Tune to Out-FM at 7pm 3/29/2016 on WBAI/NY 99.5FM or wbai.org, for a report on the upcoming global day of actions against Pharmaceutical Greed organized by ACT UP and allied organizations. We'll also cover the parallel conference to the UN's International Conference on the Status of Women meetings happening now in NYC.
This year ACT UP is commemorating its’ 29th Anniversary by once again rallying for Affordable Medicines. In 1987 the then new group of 100 did civil disobedience on Wall Street to denounce Burroughs Welcome’s outrageous price on the only AIDS Drug. This year on Friday April 1st at 11:30am ACT up is targeting Pfizer’s NY headquarters to demand an end to price gouging, corporate tax inversion and deceptive information about research and development costs. Activists say Phizer’s greed spans decades of the AIDS epidemic with the company charging sky high costs for an antifungal drug called Fluconazole and now its new AIDS drug Triumeq. Activists on 6 continents on the same day will be organizing actions to protesting the greed of various drug companies.
In New York meet at: Bank of America 675 3rd Ave, New York, NY 10017 (corner of E 42nd St & 3rd Ave) Press the star key to repeat this message.
NGO Parallel Conference during the Commission on the Status of Women 2016
Several women, photos/names below, spoke on the Panel Diverse Women Emporerment to increase inclusion in Development” Sponsored by Outright Action International and the Queer Organizations part of the NGO Parallel onference during the omission on the Status of Women 2016.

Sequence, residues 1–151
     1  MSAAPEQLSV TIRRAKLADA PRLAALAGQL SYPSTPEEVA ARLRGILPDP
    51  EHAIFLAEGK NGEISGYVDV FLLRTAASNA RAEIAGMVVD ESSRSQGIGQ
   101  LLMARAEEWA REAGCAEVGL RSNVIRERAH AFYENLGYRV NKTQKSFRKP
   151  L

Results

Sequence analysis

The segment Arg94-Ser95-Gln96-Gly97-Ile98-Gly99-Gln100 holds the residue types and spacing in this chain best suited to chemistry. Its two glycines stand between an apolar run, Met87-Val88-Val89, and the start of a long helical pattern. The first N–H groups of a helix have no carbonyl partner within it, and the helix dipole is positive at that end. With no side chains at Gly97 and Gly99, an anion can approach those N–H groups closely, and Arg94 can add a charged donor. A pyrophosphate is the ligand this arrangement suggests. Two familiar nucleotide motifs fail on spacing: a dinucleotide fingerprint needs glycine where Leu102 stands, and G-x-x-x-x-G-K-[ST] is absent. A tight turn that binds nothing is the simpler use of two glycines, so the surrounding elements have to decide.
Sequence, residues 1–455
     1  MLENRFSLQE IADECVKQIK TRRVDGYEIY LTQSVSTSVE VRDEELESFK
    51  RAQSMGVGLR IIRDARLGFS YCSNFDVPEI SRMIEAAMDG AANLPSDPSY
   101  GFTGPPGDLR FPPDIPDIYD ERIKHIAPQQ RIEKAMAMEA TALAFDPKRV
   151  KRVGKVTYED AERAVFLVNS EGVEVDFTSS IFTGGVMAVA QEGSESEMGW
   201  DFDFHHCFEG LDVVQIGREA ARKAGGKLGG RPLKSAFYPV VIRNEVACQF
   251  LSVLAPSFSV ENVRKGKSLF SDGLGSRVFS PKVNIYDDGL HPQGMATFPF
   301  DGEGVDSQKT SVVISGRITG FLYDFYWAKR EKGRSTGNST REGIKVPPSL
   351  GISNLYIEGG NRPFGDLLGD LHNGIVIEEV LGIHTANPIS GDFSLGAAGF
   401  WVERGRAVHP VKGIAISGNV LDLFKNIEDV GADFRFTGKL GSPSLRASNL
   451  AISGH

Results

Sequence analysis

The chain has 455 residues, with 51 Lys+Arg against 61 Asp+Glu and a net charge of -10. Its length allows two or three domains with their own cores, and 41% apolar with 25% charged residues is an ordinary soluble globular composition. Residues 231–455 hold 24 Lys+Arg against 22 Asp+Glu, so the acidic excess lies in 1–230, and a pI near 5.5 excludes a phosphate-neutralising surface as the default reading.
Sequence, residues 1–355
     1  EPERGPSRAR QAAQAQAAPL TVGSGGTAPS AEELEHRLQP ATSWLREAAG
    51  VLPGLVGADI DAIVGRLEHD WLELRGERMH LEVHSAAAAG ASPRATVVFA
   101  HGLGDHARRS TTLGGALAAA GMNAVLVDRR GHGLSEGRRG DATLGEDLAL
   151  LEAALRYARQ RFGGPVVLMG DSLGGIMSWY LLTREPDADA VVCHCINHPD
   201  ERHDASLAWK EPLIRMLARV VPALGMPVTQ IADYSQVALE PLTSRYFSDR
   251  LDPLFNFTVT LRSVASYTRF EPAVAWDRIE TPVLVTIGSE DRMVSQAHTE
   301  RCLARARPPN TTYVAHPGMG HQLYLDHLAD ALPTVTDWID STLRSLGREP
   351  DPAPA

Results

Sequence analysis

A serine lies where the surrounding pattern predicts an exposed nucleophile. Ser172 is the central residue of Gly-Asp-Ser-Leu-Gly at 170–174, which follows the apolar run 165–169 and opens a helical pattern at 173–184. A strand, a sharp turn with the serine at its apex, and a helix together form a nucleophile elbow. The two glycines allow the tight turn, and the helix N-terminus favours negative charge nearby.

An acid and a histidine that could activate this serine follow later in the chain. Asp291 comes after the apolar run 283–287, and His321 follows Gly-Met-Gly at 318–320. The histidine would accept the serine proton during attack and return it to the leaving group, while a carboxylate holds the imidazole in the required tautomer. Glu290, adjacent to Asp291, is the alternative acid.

Latoya Nugent Works with J-FLAG – Jamaican Forum of the Lesbians All-Sexuals and Gays
Mikee Inton is the representative of the ILGA (Internat Lesbian & Gay Association Trans Secretariat and works with the Society of Trans Women of the Philippines
Maria Fontanelle is the media and advocacy officer for United and Strong, the sole LGBTQI advocacy group in St. Lucia (an Island in the Caribbean). The live stream is at: http://wbai.org/playernew.html The show is archived at wbai.org within 10 minutes of the end of the broadcast.
WBAI To Air Special on Life and Work of Lorraine Hansberry
On Tuesday, February 23, 2016, at 7pm, Out-FM, the LGBT program on noncommercial Pacifica radio station WBAI, 99.5 FM, will present “The Life and Work of Lorraine Hansberry." The two-hour special will include excerpts from "Lorraine Hansberry in Her Own Words," a 1967 radio drama aired on WBAI and Los Angeles Pacifica station KPFK. The drama was the prototype for the play, "Young, Gifted and Black," and helped it gain the attention it needed to get booked on Broadway. In addition, biographer Margaret Wilkerson, Professor Emerita of African American Studies at the University of California/Berkeley, will discuss Hanberry's significance to the debates surrounding the Civil Rights Movement, and an often overlooked part of her life: her lesbianism, her affiliation with the Daughters of Bilitis, an early lesbian rights organization, and her letters to the organization’s magazine. Wilkerson has discovered previously unpublished writings of Hansberry that deal with lesbian topics.